Finance Secretary Benjamin Diokno expects El Niño to have a minor to medium effect on the country’s domestic food production this year.
During the weekly Chat with SBED briefing, Diokno said that El Niño will unlikely to have significant effect on local production, particularly for rice and corn, even though the weather phenomenon is expected to persist until the first quarter of 2024.
Diokno, citing weather forecasts, said that many regions in the country are expected to have lower-than-normal rainfall in October, with a high probability of an intensified Southwest Monsoon, particularly during July and August.
Additionally, certain areas in Visayas and Mindanao might encounter early effects of dry conditions or a dry spell.
In agriculture, most production losses caused by El Niño are anticipated to occur in the rice and corn sectors.
“The transition to El Niño is expected in the next months, with over 90 percent chance of persisting up to the (first quarter of) 2024. However, most models show that El Niño will be weak to moderate,” Diokno said.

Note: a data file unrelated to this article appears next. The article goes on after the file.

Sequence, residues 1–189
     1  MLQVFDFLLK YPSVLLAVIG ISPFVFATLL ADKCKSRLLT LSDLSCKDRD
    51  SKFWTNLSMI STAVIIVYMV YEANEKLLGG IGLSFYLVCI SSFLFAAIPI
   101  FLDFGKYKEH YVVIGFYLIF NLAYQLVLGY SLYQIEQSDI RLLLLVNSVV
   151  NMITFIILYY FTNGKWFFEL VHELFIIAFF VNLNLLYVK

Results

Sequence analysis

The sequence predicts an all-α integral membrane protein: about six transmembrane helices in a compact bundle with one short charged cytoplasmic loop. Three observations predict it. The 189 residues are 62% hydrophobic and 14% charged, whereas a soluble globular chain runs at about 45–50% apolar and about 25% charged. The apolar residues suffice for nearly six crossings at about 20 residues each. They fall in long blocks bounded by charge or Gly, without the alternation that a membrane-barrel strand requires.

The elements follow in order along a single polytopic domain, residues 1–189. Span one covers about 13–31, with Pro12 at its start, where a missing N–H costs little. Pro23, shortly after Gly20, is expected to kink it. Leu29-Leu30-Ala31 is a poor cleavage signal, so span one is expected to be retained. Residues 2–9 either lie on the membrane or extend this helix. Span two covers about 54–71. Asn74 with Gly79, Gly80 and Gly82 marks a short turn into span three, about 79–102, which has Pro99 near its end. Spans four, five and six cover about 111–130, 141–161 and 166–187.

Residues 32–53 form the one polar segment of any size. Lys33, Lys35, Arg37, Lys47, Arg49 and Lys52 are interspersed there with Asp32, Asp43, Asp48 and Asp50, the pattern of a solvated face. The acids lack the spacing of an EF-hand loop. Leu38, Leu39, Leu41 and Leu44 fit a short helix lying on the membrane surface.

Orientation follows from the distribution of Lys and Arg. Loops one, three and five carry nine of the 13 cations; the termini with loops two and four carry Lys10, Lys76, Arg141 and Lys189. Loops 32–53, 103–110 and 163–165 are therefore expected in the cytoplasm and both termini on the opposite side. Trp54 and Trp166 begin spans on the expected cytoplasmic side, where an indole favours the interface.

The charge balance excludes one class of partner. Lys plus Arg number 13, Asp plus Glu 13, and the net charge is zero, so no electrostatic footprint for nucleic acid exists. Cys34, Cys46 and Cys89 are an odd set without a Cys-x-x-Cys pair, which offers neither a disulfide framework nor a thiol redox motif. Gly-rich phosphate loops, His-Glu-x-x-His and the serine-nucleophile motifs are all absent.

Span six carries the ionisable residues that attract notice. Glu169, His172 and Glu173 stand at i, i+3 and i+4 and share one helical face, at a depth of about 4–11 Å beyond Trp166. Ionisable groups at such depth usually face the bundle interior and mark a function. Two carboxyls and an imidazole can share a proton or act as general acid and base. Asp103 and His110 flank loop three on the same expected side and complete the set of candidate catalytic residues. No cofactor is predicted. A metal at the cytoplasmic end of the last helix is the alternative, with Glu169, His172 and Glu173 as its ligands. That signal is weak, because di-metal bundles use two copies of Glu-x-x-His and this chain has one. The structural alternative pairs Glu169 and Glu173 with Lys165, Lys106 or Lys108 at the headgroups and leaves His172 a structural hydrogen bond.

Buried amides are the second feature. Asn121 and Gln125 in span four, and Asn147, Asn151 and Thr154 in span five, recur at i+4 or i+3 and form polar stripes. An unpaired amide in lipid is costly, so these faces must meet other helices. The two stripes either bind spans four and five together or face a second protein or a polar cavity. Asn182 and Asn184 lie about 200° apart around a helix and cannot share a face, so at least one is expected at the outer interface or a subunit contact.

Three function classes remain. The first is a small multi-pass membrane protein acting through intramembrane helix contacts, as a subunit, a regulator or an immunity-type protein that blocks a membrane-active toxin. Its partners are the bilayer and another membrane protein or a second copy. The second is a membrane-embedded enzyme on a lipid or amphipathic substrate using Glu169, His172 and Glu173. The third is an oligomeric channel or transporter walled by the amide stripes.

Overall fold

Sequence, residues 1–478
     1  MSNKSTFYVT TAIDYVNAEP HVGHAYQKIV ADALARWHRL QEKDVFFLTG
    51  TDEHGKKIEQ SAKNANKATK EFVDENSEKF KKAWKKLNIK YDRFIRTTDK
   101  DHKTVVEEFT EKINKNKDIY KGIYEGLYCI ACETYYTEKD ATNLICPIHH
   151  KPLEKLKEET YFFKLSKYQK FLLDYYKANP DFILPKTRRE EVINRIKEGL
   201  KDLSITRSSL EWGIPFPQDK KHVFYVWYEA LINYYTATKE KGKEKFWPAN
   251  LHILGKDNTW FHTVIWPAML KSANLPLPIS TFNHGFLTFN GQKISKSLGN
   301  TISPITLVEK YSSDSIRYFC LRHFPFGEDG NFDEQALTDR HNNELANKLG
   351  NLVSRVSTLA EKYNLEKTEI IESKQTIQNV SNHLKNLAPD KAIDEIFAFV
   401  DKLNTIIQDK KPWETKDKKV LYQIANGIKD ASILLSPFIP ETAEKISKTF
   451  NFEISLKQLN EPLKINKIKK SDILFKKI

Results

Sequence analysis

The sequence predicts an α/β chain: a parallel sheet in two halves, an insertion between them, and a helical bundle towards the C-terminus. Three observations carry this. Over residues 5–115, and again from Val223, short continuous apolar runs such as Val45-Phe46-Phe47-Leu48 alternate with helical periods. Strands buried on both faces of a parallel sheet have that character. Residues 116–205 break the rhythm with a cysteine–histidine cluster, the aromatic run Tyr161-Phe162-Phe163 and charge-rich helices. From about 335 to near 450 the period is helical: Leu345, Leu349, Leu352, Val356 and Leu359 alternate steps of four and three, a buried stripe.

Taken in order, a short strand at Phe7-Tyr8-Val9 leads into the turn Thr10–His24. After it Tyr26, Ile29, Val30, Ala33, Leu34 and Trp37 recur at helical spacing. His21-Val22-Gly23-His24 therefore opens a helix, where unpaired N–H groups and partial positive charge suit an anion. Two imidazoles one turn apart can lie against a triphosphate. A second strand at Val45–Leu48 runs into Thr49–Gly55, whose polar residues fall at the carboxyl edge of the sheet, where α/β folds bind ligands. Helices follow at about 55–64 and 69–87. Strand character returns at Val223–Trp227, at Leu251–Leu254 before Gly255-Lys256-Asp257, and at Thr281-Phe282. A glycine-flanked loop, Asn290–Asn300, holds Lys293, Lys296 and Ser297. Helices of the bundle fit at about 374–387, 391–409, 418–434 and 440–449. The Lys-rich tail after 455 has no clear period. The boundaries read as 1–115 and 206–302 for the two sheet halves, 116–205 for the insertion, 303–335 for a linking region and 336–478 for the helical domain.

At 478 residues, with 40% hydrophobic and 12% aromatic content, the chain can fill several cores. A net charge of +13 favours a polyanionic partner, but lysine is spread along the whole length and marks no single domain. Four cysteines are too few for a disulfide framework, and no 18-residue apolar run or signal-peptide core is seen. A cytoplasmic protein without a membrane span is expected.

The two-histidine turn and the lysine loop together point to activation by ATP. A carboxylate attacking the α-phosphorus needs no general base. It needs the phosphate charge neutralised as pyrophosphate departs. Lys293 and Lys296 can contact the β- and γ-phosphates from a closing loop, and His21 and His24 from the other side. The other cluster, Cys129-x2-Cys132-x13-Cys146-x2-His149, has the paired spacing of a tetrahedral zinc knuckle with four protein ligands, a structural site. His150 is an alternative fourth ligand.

Nonetheless, Diokno said preliminary estimates indicate a minor decrease in domestic rice production this year, amounting to approximately 1.8 percent, while yellow corn production is expected to decrease by one percent.
“There is also a minimal reduction in white corn production,” he said. “Production of onion and garlic is [also] expected to remain unchanged since they are typically grown in the first half of the year.”
The finance chief also expects a minor impact on pork and chicken production, while El Niño will benefit the capture fisheries.
“With the projected weak to moderate El Niño, we do not expect a significant reduction in local production especially for rice and corn,” Diokno said.
Diokno said that the forecast makes the government’s 6.0 to 7.0 percent growth target for this year attainable.
However, Diokno acknowledged that the outlook for the world economy remains dismal, with the International Monetary Fund and World Bank projecting 2023 global growth of 2.8 percent and 1.7 percent, respectively.
“The downside risks include synchronized monetary tightening, the fallout from recent deterioration in financial conditions, growing economic fragmentation, and continued Russia’s invasion of Ukraine,” Diokno said.
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